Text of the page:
Should the structure of faculty rewards explicitly promote the scholarship of engagement? If so, how? First, Jo Beld will describe her own “engaged scholarship” in the Child Support Enforcement Division of the Minnesota Department of Human Services, evaluating the benefits and costs of this work for her teaching, her disciplinary scholarship, and her service to the campus. Then, she and other participants will conduct a simulated Task Force meeting to determine whether and how departmental Statements of Significant Professional Activity used in tenure and promotion decision-making should embrace the scholarship of engagement.
Presenters: Lynn Steen, Roberta Lembke
Respondents: Greg Kneser, Elizabeth Hutchins, John Hensel ’05, Seth Heringer ’05.
Co-sponsored by the Library, IIT, Dean of Students, and SGA
St. Olaf gathers a substantial amount of information about our students through national and local surveys. Two national surveys that have received considerable attention are the National Survey of Student Engagement (NSSE)
and the Pew Internet and American Life Project. IIT also does periodic surveys of student use of computers on campus. Taken together, these surveys provide information that is valuable for all of us teaching St. Olaf students. This session will present some highlights from those surveys and begin a conversation about what the results may mean for teaching our students.
As a preview, we provide the following True/False quiz. Correct answers will be provided on Tuesday.
- Ever since George Bush was elected, St. Olaf students have become more liberal.
- 1/2 of today’s college students began using computers between the ages of 5 and 8.
- The major American religious tradition that is least well represented at St. Olaf is Baptist.
- 73% of college students say they use the Internet more than the library, while only 9% said they use the library more than the Internet for information searching.
- Entering St. Olaf students are more able than are freshmen at other colleges to be able to name a minority writer or artist.
- The Library of Congress is the web site with the highest proportion of college and university users.
- Twice as many men graduate with humanities majors as enter with that intention.
- The IRP web site describes St. Olaf using only 100,000 numbers.
- 65% of St. Olaf students have their own computer.
Matt Rohn, Art and Art History, and 2002-03 CILA Associate
Learning communities have experienced a period of renewed growth at colleges and universities throughout the nation. A growing number of institutions have been creating these small enclaves for entering students to share classes and living experiences. Why? What lessons might this growth have for St. Olaf?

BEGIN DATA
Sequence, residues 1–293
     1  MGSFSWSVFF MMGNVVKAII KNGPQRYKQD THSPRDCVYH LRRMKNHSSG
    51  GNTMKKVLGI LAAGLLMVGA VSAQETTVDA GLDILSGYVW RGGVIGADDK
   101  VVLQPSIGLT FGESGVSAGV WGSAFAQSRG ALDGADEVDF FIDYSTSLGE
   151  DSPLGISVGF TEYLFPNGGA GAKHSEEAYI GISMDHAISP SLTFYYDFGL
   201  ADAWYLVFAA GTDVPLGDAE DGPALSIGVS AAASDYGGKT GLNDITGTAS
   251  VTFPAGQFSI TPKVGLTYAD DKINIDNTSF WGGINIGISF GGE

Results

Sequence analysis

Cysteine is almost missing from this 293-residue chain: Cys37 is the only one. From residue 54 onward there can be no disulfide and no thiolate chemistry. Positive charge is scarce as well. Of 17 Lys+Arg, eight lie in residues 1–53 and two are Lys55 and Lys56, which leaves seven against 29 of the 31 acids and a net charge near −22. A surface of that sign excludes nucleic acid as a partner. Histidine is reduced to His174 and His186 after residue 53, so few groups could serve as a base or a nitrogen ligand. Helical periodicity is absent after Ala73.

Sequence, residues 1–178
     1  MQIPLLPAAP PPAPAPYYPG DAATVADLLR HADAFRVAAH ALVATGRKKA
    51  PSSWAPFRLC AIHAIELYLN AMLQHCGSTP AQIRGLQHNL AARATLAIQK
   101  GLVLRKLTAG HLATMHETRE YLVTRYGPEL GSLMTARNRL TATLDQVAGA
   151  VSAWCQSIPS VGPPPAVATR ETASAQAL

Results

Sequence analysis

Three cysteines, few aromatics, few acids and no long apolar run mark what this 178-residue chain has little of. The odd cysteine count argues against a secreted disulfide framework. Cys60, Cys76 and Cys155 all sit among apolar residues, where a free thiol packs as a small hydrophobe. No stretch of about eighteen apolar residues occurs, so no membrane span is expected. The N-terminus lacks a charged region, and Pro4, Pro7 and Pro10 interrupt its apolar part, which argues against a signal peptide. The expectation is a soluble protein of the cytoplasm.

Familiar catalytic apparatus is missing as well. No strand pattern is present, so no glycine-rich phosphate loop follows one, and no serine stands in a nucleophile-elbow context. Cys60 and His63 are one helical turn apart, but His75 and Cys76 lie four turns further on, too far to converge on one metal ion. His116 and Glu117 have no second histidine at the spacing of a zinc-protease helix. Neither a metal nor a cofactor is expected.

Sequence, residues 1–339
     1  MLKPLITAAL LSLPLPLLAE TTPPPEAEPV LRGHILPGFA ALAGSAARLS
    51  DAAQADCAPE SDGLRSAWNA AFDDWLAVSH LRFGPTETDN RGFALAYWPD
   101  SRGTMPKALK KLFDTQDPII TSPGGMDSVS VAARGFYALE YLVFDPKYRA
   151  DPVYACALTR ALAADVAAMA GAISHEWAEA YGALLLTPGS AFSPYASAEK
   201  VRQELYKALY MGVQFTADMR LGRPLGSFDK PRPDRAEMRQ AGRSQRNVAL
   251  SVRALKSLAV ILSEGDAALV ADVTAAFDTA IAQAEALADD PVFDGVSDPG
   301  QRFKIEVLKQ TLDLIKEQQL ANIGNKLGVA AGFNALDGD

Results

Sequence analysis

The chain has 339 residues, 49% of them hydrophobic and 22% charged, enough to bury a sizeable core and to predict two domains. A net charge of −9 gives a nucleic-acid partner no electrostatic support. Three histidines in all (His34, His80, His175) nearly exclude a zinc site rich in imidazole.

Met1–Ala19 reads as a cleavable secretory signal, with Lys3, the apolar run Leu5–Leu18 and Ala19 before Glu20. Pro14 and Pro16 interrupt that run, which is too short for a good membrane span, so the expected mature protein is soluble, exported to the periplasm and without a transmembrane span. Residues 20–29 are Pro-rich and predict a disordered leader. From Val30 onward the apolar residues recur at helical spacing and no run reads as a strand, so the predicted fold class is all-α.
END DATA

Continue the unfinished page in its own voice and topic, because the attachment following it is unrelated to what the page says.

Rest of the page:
Come and learn more about what learning communities are and why they have proliferated of late. Converse about the learning community dimension of our own “Conversations” programs and share your thoughts about learning communities existing within our residential college environment.
Co-sponsored by American Conversations, Asian Conversations, and The Great Conversation.
Co-sponsored by IIT.
Sheri Breen, Political Science; Jim Farrell, History and American Studies; Paul Zorn, Mathematics
The ability to communicate electronically with students before and after class opens up new possibilities for continuing class discussion beyond the classroom walls and the class hour, for students to submit assignments electronically, and for faculty to provide additional, virtual, office hours. How do different kinds of electronic communication work in support of teaching and learning? What are the advantages and disadvantages of these new forms of communication with students?
Bruce Nordstrom-Loeb, Sociology and Anthropology
Co-sponsored by Community Life and Diversity
The title of this session could also be “Challenges of Teaching in the Multicultural Classroom,” since even a “predominantly white” classroom contains diversity. The kinds of questions we’ll explore include the following:
** What do we mean by “diversity” and “multicultural”? Do we need to pay attention to diversity issues only if our course content centers around them?
** How do faculty whose training occurred long ago feel competent or comfortable teaching about multicultural issues? What questions might we ask ourselves to help us get ready to teach in a diverse classroom?